'Incognito' chimesmaster puts on show for campus at Altgeld

URBANA – On a warm September day, in a square, nonair-conditioned room halfway up Altgeld Hall's tower, 73-year-old Sue Wood hustled across wooden floorboards.

In front of the giant clavier, or keyboard, she pushed lever after lever while moving side to side.

It's "Bees Wax Rag." A fast, upbeat song.

"I try to stick with the tempo of the music. Whatever the music represents I try to put across in the chimes," she said. "If it's a march, I'll play fast, pound it out."

Wood has been entertaining walkers and bikers on the Quad since 1971. Up in Altgeld Hall's playing room, she plays the chimes when students, faculty and staff crisscross campus from one class or meeting to another.

Her repertoire: Songs like "Hail to the Orange."

"America the Beautiful."

Even "Tequila."

"We mostly play things twice. The first is for people to figure out what we're playing. The second is for them to enjoy it," Wood said.

A retired chemist who worked for the Illinois Natural History Survey and the University of Illinois College of Veterinary Medicine, Wood first arrived on campus in 1966 as a graduate student. She started attending nearby University Lutheran Church, which has a 25-bell carillon. She enjoyed listening to its music.

Wood played the piano and organ before and thought she'd give the carillon a shot. She practiced for about a year at the Rees Memorial Carillon in Springfield and ended up playing at the Lutheran church for 32 years.

In 1971, she started at Altgeld Hall with former chimesmaster Albert Marien.

More than three decades later she continues to play several times a week "for the pleasure of it," she said.

"Most of the people don't know who's doing it. It's sort of an incognito thing," Wood said.

The playing room is about five stories high; the actual bells are higher than that. They're in a chamber above the room and accessible by more stairs.

In the tower are 15 bells ranging in weight from 350 pounds to 3,300 pounds. Altgeld Hall has chimes; 23 or more bells is called a carillon.

To play the bells, players push down on levers lined up on the clavier (keyboard). The levers are connected to steel cables that run up to the bell chamber and are attached to pulleys and clappers, which strike the stationary bells.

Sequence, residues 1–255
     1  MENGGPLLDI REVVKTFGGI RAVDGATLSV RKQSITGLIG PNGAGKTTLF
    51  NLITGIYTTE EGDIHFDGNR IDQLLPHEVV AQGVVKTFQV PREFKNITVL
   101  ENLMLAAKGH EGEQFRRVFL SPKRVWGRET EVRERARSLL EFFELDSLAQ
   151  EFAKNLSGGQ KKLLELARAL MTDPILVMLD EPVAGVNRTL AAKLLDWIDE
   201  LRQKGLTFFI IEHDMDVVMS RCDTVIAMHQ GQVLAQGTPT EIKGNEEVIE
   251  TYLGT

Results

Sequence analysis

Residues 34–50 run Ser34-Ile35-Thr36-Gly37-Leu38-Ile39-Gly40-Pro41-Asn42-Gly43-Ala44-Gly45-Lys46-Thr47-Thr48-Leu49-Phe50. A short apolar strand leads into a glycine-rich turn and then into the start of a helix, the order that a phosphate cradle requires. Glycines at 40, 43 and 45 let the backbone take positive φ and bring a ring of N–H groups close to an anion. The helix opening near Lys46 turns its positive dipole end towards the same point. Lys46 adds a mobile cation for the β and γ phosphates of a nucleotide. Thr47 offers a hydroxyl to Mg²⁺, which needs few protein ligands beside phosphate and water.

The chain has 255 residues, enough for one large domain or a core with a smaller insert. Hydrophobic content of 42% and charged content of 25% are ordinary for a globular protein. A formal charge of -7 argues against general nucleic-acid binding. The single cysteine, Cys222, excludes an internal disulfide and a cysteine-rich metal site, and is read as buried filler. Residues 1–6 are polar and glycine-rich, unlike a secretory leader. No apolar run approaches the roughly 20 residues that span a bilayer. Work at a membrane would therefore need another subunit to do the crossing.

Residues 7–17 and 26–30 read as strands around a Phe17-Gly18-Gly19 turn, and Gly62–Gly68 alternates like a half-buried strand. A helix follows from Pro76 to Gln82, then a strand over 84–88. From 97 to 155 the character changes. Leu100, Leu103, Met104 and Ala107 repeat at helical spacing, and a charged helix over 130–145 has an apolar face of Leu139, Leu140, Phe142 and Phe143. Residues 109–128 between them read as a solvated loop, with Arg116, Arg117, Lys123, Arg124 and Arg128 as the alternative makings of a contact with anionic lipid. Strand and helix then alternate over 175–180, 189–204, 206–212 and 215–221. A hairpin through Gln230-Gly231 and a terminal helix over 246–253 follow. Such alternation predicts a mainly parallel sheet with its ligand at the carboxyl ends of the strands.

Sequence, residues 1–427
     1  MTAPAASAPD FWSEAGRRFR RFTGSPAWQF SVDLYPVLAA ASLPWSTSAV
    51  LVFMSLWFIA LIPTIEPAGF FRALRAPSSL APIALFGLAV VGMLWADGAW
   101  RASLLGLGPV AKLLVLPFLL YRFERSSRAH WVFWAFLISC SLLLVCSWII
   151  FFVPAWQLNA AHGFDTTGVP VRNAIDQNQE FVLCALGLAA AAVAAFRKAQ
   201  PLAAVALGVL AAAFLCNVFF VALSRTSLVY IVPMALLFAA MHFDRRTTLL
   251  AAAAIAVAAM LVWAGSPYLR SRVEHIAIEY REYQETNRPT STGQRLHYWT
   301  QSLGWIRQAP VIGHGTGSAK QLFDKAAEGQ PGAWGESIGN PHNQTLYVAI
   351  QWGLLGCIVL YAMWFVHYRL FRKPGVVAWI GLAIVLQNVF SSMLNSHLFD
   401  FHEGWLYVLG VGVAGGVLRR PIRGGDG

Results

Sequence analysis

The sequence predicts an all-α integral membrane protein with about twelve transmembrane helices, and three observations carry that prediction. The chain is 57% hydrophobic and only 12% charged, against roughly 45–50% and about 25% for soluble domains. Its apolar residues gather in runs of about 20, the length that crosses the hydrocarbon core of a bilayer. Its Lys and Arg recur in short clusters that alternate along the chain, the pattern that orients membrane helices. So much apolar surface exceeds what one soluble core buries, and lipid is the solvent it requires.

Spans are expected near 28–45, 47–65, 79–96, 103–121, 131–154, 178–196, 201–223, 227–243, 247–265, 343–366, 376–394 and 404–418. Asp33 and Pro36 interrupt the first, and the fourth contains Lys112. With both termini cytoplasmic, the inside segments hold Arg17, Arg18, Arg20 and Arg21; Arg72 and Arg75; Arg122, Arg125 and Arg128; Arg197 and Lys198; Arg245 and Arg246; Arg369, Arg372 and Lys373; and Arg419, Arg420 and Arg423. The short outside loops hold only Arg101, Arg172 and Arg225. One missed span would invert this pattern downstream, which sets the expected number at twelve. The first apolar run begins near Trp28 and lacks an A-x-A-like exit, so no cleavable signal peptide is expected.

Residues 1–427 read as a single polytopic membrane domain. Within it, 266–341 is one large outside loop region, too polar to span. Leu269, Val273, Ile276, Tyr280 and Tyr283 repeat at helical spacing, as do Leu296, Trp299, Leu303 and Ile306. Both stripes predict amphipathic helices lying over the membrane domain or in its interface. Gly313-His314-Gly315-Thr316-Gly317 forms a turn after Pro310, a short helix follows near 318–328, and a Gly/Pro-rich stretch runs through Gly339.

"It takes some getting used to, like any other instrument," said UI sophomore Mark Smith, who also plays the trumpet.

He toured the playing room last year with a fellow Marching Illini member, and this semester he started playing and learning from Wood.

"She taught me everything," he said.

Smith, Wood said, is getting the hang of things. He's no longer pounding or gripping the handle too forcefully, she pointed out to him.

Wood often encourages music students to give the keyboard a shot.

She also takes requests. When Malaysia celebrated the 50th anniversary of its independence in August, a student asked her to play the Malaysian National Anthem.

Her personal favorite – her background is Welsh – is "The Ash Grove," a Welsh folk song.

"I love to come here," said UI research specialist Saiko Rosenberger, who brings friends several times a year to the tower and to hear Wood play in person.

"Sue always chooses good songs. If I bring a Chinese friend, she'll play a Chinese song," Rosenberger said.

On Friday Rosenberger brought along a Japanese friend. Wood played "Sakura," or "Cherry Blossom."

As for Rosenberger, she is partial to "Hail to the Orange."

"I love it. It's like, 'Yes! I am here!' "

The tower is open for public tours from 12:30 to 1 p.m. on weekdays when school is in session. The approximately 10-minute chimes concerts are at 12:50 p.m. weekdays and on special occasions such as homecoming and graduation weekends.

More information is also available at www.uiuc.edu/ chimes.

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